Sea Wonder: Egg-yolk Jelly

Named for its uncooked egg-like appearance, the egg-yolk or fried egg jelly (Phacellophora camtschatica) is a species of jellyfish that lives in cool waters and spends most of its time motionless, drifting through the water column. At first glance, they seem pretty ordinary beyond their unique appearance, but these invertebrates are integral parts of the ocean food web and serve as vehicles for hitchhikers like juvenile crabs or amphipods. 

An Egg Yolk Jelly in Monterey Bay National Marine Sanctuary Photo Credit: Michael Alyono


Like their name suggests, egg-yolk jellies look like the contents of a bird egg that made its way into the ocean instead of a frying pan. Their gelatinous body or bell is milky white can reach a maximum diameter of about two feet when fully grown and surrounds a bright yellow gonad in the center. Slightly below the bell are clusters of tentacles includes sensory organs called rhopalia and lobes called lappets that help the bell pulsate. Extending from the bell, they have about 16 groups of trailing tentacles that are either translucent or purple in color used to sting and trap their prey, tentacles that can be up to 29 feet long! 


Diet & Habitat

These jellies feed on zooplankton and smaller species of jellies. Since their motion is pretty limited, egg-yolk jellies are passive feeders that wait for potential prey to cross the path of their tentacles, which they use to sting and paralyze their victims before moving them to their mouth. Luckily, the sting is pretty mild and doesn’t have much of an effect on human skin. 

The egg-yolk jelly can live in cooler, temperate waters all over the world, including in the Atlantic and Pacific oceans and the Mediterranean and Aegean seas. It is most common in the northern Pacific, though, including in California’s national marine sanctuaries. In fact, this jelly species is one of the largest species of jellies found in Monterey Bay National Marine Sanctuary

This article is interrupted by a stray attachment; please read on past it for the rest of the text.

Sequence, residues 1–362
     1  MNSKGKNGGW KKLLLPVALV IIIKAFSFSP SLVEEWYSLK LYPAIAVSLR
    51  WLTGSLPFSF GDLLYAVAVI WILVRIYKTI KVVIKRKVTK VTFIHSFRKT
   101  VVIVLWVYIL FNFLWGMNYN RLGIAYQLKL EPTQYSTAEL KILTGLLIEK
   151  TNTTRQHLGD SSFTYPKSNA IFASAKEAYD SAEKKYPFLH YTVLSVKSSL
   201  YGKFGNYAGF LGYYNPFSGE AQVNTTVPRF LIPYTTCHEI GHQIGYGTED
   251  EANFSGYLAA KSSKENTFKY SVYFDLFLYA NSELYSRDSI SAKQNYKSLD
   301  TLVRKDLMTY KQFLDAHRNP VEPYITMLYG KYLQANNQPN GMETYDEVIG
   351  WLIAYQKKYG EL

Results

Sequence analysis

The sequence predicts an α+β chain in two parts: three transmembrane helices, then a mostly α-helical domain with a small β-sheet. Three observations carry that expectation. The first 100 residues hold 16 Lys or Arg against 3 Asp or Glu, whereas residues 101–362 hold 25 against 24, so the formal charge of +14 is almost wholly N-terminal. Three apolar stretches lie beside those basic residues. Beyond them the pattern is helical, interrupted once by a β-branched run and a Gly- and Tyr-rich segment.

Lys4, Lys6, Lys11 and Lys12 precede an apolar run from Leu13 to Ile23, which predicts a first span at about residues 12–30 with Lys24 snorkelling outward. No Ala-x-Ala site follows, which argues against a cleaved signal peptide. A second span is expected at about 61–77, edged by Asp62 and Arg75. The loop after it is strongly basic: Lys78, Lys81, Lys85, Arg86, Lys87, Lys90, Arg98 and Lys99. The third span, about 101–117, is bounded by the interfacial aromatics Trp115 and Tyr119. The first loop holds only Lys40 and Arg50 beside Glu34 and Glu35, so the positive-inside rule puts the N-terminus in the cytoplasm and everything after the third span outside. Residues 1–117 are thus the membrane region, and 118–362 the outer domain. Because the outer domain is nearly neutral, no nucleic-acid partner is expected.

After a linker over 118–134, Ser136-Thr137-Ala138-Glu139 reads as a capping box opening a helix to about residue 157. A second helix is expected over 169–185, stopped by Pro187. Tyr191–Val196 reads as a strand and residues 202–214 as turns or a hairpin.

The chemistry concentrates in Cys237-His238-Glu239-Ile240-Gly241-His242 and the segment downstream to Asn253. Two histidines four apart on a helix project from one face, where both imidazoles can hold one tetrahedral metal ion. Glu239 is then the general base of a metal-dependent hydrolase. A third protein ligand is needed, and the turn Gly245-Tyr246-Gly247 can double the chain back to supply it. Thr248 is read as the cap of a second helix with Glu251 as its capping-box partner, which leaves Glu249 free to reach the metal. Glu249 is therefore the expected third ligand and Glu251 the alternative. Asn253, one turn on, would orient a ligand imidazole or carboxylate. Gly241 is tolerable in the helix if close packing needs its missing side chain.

Life History

Like other jellies, the egg-yolk jelly has a pretty simple life cycle, beginning its life as an egg that hatches, attaches to solid structures called polyps that allow them to create genetic clones of themselves that mature into the adult jellyfish we recognize. Adult jellyfish can release gametes into the water column for sexual reproduction that creates genetic diversity in their populations. 

These jellies prefer a pretty motionless life, pulsating their bells occasionally but relying on ocean currents to carry them. They are so slow moving and have such a mild sting that juvenile crabs and amphipods will hitch a ride on their smooth bells, and small fishes like juvenile jack fish can live amongst their tentacles for protection. These hitchhikers don’t get a free ride though – experts believe the crabs and amphipods feed on parasites that would otherwise live on the jelly’s bell and cause damage to it. 


Threats & Conservation

Egg-yolk jellies can experience physical traumas to their bell from strong ocean currents and are prey for animals like sea turtles, marine mammals, and sharks. Their populations ebb and flow, but water quality issues like pollution, acidification, and heat that are harmful to other species can actually foster jelly growth, helping to create huge swarms of this and other jelly species, which in turn harms the ecosystems in which they live. These jellies don’t receive protections under federal, state, or local laws but they are important to monitor as they can serve as sentinels for ocean quality and ecosystem health.